Pictures = TERRIBLE![edit]

The photos in the infobox go beyond not doing this city justice, they verge on slander. Ville de Québec is the jewel of North America, one of the very, very few places where the controversial European notion that a city should not look like complete shit managed to take hold. They make it look like just another small and unremarkable North American city. I don't know if this was done by an editor who just got dumped by a girl from Quebec, or one with Aspergers with an unfortunate bent toward futurism, who thinks modern architecture is anything but misanthropic violence in building form. Either way, GET RID OF IT! 71.234.198.222 (talk) 03:55, 2 January 2011 (UTC)

Find a better picture, and upload it. Oh and don't slag people with Asperger's. Dbrodbeck (talk) 03:59, 2 January 2011 (UTC)
Or make your own montage; there are quite a few good composite pics (see the commons link) on Quebec City. Chensiyuan (talk) 03:11, 11 April 2011 (UTC)

"Boroughs"[edit]

Should we translate arrondissements into "boroughs"? Is a translation necessary? We don't do that for the ones in Paris. 99.130.28.232 (talk) 23:25, 25 January 2011 (UTC)

A translation might be useful. Arrondissement means nothing in English. Preserving it serves no useful purpose IMO. At first I thought borough a little unusual since it is only used in a few Middle Atlantic US states, but maybe it is better understood abroad? I would have preferred "township" or "town" or even "municipality." Wikipedia seems to prefer "district." Whatever that means!  :) Student7 (talk) 18:52, 28 January 2011 (UTC)

"Famous People"[edit]

Someone should add a section for notable people Quebec City. I am sure this beautiful and historic city has more than a few.24.235.119.2 (talk) 21:18, 25 February 2011 (UTC)

pls see List of people from Quebec City.Moxy (talk) 21:55, 25 February 2011 (UTC)

GA Review[edit]

This review is transcluded from Talk:Quebec City/GA1. The edit link for this section can be used to add comments to the review.

Reviewer: Dana boomer (talk) 00:16, 25 March 2011 (UTC)

Hi! I'll be reviewing this article for GA status, and should have the review up shortly. Dana boomer (talk) 00:16, 25 March 2011 (UTC)

GA review (see here for criteria)
  1. It is reasonably well written.
    a (prose): b (MoS for lead, layout, word choice, fiction, and lists):
    • Sections should not be composed of only a link, as in the Notable people section. Either create a summary paragraph or move the link into another section.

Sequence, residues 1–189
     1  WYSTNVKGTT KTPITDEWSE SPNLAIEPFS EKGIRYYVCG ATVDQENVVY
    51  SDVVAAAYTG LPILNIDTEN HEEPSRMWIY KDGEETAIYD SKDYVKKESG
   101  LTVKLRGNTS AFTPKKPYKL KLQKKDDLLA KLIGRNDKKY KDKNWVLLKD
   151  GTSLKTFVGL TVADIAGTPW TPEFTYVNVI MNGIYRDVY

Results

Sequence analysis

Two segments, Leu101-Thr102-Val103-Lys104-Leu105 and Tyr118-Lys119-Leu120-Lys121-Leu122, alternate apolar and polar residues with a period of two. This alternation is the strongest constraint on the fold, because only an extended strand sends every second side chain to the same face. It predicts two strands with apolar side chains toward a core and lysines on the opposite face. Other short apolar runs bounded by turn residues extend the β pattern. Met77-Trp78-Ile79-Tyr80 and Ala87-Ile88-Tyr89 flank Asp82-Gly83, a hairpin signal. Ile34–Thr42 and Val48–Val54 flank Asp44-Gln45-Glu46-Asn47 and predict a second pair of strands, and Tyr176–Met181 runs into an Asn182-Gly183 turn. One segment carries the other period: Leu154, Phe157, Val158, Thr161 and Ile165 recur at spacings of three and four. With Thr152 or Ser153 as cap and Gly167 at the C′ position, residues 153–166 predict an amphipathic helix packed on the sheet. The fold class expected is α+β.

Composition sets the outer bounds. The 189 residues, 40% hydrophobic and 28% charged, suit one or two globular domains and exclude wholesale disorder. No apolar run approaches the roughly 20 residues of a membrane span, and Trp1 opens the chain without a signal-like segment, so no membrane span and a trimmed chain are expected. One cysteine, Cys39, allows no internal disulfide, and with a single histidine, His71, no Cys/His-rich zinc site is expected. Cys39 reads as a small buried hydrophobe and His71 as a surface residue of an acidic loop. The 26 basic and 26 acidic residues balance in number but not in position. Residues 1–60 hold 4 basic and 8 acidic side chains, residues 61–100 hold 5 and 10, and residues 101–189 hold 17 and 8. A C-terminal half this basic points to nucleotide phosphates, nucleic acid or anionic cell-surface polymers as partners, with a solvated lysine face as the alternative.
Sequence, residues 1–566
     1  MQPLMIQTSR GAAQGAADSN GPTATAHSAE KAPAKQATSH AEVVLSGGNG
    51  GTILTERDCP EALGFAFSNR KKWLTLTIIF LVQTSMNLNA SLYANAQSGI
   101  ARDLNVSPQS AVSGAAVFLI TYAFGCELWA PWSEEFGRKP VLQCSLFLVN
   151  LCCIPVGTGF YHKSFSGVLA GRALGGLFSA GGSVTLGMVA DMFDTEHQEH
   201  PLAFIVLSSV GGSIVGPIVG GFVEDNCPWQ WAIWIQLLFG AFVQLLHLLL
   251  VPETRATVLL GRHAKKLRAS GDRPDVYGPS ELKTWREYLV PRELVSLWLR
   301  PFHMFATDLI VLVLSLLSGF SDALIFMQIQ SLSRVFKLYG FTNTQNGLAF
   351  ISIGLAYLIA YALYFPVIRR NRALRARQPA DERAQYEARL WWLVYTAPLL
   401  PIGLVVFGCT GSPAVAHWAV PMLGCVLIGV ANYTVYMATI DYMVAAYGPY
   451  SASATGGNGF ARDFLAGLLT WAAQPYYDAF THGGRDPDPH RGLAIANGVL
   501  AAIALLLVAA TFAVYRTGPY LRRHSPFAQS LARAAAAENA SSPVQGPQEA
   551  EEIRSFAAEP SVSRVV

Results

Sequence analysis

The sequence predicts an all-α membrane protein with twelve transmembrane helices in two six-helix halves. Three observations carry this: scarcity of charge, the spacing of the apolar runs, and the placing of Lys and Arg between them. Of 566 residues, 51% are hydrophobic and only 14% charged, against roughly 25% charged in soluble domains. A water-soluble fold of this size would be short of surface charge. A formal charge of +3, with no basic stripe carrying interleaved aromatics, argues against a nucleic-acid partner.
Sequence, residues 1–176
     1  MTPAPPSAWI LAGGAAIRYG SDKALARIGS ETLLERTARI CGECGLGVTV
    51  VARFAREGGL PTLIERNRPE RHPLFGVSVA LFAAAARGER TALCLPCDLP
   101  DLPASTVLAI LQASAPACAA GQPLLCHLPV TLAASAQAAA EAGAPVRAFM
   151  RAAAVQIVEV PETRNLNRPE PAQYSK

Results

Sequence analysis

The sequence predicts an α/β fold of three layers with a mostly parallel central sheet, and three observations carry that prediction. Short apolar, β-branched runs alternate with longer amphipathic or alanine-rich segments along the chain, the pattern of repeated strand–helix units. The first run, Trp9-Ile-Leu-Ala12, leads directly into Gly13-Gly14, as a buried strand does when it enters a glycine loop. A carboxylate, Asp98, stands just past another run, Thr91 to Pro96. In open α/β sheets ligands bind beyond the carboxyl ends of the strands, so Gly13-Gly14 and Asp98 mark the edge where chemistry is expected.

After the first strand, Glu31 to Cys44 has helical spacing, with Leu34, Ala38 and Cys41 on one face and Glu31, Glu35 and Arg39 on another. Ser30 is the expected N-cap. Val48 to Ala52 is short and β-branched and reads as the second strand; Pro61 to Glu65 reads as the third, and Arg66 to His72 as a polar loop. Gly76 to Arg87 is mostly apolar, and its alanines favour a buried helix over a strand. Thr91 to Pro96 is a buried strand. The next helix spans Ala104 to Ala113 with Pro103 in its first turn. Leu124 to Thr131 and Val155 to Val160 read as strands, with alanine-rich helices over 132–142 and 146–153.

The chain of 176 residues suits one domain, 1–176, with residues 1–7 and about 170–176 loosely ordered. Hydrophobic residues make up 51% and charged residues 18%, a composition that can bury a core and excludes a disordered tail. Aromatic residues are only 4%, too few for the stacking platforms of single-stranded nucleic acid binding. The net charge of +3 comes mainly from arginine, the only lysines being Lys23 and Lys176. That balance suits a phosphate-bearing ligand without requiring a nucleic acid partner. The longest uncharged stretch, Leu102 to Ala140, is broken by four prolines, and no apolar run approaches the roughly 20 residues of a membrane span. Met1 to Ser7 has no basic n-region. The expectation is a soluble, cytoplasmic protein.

• I am seeing much outdated information, such as crime rates from 2007. This is partially a problem of old sources (see comment below)
    • The lead should be longer for an article of this length. WP:LEAD recommends three to four paragraphs, and while there are currently three paragraphs, they are all quite short. The lead should be a summary of the body, and not include new information, which it currently does.
    • Because of the other issues with the article, I have not checked prose.
  2. It is factually accurate and verifiable.
    a (references): b (citations to reliable sources): c (OR):
    • This article has an extreme lack of sources. This is especially evident in sections such as "Climate", where statistics are given with no reference (and a citation needed tag is located), and "Demographics", which also gives statistics without references. The lack of references also makes it hard to determine if there is original research in the article.
    • There is a citation needed banner in the Partner cities section that has been there since 2008.
    • Many of the references are missing vital information, such as publishers and access dates.
    • Many of the references are outdated, with community profiles from 2006 and climate data that reaches only to 2000.
    • Reference #2 is a dead link.
    • There are hundreds of books and magazine and journal articles about Quebec City and the surrounding area. Some or many of them would probably be helpful in fleshing out this article to meet even the broadness criteria of GAN.
  3. It is broad in its coverage.
    a (major aspects): b (focused):
    • Has the governance structure changed at all over the course of the city's history? Are there any media organizations/newspapers based in the city? What are the primary and secondary schools like and how are they organized? These and other questions become evident from even a quick scan of the article.
  4. It follows the neutral point of view policy.
    Fair representation without bias:
  5. It is stable.
    No edit wars, etc.:
  6. It is illustrated by images, where possible and appropriate.
    a (images are tagged and non-free images have fair use rationales): b (appropriate use with suitable captions):
    • Text should not be sandwiched between images or between an image and a box, as it is in many places in the article. Overall, this article looks cluttered, with the graphics overwhelming the text. Because of the number of images and the need to remove a few of them, I have not checked image licensing.
  7. Overall:
    Pass/Fail:

Because of the number of issues with this article, especially those related to references, I am failing this article. There is, I believe, too much work that needs to be done for it to happen in a reasonable time frame. Once the above issues have been addressed, the article may be brought back to GAN. Please let me know if you have any questions, Dana boomer (talk) 00:42, 25 March 2011 (UTC)

GA Drive[edit]

I am interested in organizing a concerted effort to get this article up to GA Standards. I will do my best to popularize this effort at Wikimedia Canada. We're hosting a Wikimedia Canada Sign up page, all are welcome to sign up. Alan.ca (talk) 09:47, 26 March 2011 (UTC)